Ms Sweeney : I think, Senator, we would make a few observations about the difference in the way that the exemption would operate: firstly, noting that it is not a feature of antidiscrimination law the way that plays out and, secondly, noting that, in respect of doctors providing a service, the conscientious objection is in relation to the particular service that is being provided not to the class people to whom it is provided. We think that is a very significant distinction in terms of the scope of that conscientious objection.

Senator PATERSON: Thank you.

Senator KITCHING: I found your submission so helpful I was not even going to ask any questions, but this is not my area of expertise. Would you see section 37(1)(d) covering the Ashers Baking scenario, for example, where you have devout believers who have a commercial service? I am not aware of how often and how well section 37 in toto has been tested.

Ms Sweeney : I will make one observation before handing to John. Firstly, the section 37(1)(d) exemption works in relation to religious organisations as distinct from individuals who are not acting as part of a religious organisation.

Senator KITCHING: It talks about the religious susceptibilities of adherents to the faith—I cannot quite remember the wording.

Mr Santow : Section 37(1)(d) begins with:

any other act or practice of a body established for religious purposes …

So the conduct you have to look at—

Senator KITCHING: Let us say I have a bakery and I am a regular attender of the Belfast Catholic Church, which I think they are.

Ms Sweeney : The bakery would not be an organisation established for a religious purpose.

Senator KITCHING: So it has to be established for a religious purpose. It is not the adherents to it.

Ms Sweeney : That is right. The exemption applies to a particular class of organisations—this is, religious organisations—and then in determining whether or not the exemption stands you have to ask about those criteria and whether they apply, so either in accordance with the doctrines, tenets or beliefs of that particular religious organisation or the discrimination is necessary in order to avoid injury to the religious susceptibilities of adherents of that religion.

Senator KITCHING: So if we were to consider the goods and services exemptions where would that fit in? Given that we are balancing people's rights—

Ms Sweeney : The exemption as proposed in the exposure draft is also similarly limited to I think bodies established for religious purposes, religious bodies or religious organisations so there is no sense in which, at least on our understanding without the explanatory memorandum, the proposed exemption in the exposure draft would be broadening to a baker, for example, as drafted.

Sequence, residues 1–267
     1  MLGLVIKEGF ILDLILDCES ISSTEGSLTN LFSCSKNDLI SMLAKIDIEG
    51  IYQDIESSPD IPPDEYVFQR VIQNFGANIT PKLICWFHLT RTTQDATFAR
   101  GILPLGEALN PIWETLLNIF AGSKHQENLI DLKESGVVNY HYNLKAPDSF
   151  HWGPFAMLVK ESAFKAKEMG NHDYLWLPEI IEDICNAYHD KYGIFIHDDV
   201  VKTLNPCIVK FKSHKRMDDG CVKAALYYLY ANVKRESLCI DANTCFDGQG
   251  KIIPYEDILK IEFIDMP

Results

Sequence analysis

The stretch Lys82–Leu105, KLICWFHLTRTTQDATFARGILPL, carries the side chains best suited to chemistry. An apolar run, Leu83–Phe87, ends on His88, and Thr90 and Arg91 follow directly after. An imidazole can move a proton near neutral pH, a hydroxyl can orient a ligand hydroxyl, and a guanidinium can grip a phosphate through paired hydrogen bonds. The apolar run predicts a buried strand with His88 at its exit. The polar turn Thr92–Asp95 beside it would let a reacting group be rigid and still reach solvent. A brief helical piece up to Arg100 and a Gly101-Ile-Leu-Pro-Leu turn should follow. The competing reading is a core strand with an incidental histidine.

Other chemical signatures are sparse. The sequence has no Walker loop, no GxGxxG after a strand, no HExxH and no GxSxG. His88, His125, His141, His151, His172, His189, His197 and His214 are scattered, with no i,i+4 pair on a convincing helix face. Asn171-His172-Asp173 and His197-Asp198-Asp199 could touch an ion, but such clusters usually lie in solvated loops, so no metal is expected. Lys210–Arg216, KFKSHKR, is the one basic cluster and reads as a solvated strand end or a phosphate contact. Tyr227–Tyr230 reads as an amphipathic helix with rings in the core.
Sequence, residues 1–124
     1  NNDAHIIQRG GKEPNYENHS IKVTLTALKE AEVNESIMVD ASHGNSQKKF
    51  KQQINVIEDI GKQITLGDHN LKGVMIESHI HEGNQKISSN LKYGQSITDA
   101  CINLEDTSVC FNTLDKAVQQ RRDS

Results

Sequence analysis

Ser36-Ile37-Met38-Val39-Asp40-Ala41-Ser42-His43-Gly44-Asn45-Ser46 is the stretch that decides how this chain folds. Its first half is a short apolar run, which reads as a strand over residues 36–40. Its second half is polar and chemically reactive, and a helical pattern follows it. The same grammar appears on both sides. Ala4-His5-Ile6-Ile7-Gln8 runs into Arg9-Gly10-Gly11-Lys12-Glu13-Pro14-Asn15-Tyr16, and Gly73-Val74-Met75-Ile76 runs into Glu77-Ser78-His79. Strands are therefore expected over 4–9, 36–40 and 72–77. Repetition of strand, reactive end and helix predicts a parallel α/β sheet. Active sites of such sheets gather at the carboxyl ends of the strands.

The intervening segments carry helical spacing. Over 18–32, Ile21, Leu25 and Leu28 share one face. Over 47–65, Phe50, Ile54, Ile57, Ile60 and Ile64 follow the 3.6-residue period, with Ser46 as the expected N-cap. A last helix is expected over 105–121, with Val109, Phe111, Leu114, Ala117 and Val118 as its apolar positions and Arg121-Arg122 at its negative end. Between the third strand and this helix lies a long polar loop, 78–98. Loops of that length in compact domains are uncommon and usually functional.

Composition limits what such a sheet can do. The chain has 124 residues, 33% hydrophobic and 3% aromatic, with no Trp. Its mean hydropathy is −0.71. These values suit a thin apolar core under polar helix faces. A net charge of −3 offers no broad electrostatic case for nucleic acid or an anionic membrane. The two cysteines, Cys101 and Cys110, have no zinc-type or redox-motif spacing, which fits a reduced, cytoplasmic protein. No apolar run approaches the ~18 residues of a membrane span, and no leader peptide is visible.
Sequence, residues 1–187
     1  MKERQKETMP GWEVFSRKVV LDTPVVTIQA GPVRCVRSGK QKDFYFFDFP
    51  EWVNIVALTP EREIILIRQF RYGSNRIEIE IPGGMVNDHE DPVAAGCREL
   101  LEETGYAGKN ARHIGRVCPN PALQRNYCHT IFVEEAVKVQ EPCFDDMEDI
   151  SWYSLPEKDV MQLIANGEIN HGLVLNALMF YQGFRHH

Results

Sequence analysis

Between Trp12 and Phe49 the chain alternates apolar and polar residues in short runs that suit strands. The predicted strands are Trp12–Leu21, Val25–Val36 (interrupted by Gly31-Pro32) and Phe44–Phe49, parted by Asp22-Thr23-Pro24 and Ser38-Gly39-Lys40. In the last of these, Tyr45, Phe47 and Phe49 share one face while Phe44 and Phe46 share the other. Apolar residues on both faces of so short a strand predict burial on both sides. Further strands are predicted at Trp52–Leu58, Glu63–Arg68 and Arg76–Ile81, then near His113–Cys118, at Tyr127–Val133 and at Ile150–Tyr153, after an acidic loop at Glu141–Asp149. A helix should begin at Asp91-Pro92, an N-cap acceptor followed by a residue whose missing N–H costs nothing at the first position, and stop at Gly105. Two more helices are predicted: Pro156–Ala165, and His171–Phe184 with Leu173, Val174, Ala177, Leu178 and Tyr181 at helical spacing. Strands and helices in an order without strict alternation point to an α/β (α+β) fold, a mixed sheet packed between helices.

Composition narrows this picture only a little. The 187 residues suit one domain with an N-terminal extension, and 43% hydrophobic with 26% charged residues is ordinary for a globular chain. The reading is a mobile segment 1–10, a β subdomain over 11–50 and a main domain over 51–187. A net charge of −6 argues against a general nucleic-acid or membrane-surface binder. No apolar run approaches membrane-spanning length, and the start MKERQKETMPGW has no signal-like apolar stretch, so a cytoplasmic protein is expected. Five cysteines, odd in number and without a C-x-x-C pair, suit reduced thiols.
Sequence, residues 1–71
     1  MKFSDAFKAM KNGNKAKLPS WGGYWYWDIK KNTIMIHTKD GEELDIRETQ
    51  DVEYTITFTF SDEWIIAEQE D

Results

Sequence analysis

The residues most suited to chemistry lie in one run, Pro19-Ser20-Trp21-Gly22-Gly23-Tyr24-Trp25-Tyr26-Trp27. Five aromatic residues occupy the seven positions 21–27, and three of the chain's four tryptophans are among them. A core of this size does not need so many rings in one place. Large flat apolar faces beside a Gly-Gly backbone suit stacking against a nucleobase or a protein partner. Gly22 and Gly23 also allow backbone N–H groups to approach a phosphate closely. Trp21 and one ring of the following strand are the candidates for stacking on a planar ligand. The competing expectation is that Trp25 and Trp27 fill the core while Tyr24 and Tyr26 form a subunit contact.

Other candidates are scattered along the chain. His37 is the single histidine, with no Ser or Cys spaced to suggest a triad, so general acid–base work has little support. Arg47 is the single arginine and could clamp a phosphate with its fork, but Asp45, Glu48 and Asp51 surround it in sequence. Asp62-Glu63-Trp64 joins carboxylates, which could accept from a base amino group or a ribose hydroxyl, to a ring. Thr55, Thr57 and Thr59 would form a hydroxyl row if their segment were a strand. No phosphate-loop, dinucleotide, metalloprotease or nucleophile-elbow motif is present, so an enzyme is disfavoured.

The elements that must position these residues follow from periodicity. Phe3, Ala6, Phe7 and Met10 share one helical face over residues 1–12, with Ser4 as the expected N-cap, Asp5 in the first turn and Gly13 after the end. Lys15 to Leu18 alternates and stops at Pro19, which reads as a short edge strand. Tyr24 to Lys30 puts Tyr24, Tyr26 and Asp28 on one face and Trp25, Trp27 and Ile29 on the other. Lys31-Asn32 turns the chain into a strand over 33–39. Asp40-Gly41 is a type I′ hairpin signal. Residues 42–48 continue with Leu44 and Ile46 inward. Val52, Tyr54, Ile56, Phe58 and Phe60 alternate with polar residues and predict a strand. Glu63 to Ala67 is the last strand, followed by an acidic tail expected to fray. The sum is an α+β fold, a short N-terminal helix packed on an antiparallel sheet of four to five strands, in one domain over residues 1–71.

Senator KITCHING: I agree with you. So when I read the exposure draft I do not really see that but I see it is being considered in many submissions.

Mr Santow : To put it in other words: noting it is a hypothetical, but it appears that the hypothetical you gave of the Irish example appears not to fall within the scope of the exposure draft bill's proposed section 47B and it also does not appear to fall within the current section 37 of the Sex Discrimination Act.

Senator KITCHING: So I think if the committee were to consider those goods and services exemptions and given one of our terms of reference is to gain support in the Senate, we may well have to consider some exemptions of a commercial nature. I do not know how the Senate is going to vote on this—who knows? I think we would have to add another section because there is nothing in the Sex Discrimination Act from memory that really applies.

Mr Santow : The counterargument to that is if you are a commercial organisation or just an individual providing a commercial service then Australian law for many years has not allowed you to undertake what is unlawful discrimination. The current exposure draft bill reflects that, and we support that. If what you are saying is that there may be new areas that are not currently set out in the exposure draft bill where unlawful discrimination would no longer be unlawful, we would need to look at those very carefully and we would be very, very wary of them.

Senator KITCHING: Thank you.

CHAIR: I will just follow up on that. In terms of that provision of commercial services, we have had evidence to the committee about people who, because of the content of their beliefs, which have then been represented in a book, have been refused services by a printer. Others who wanted to have advertisements have been refused commercial service by a TV station or a radio station to play those advertisements. Is it your contention then that that activity by those agencies is illegal?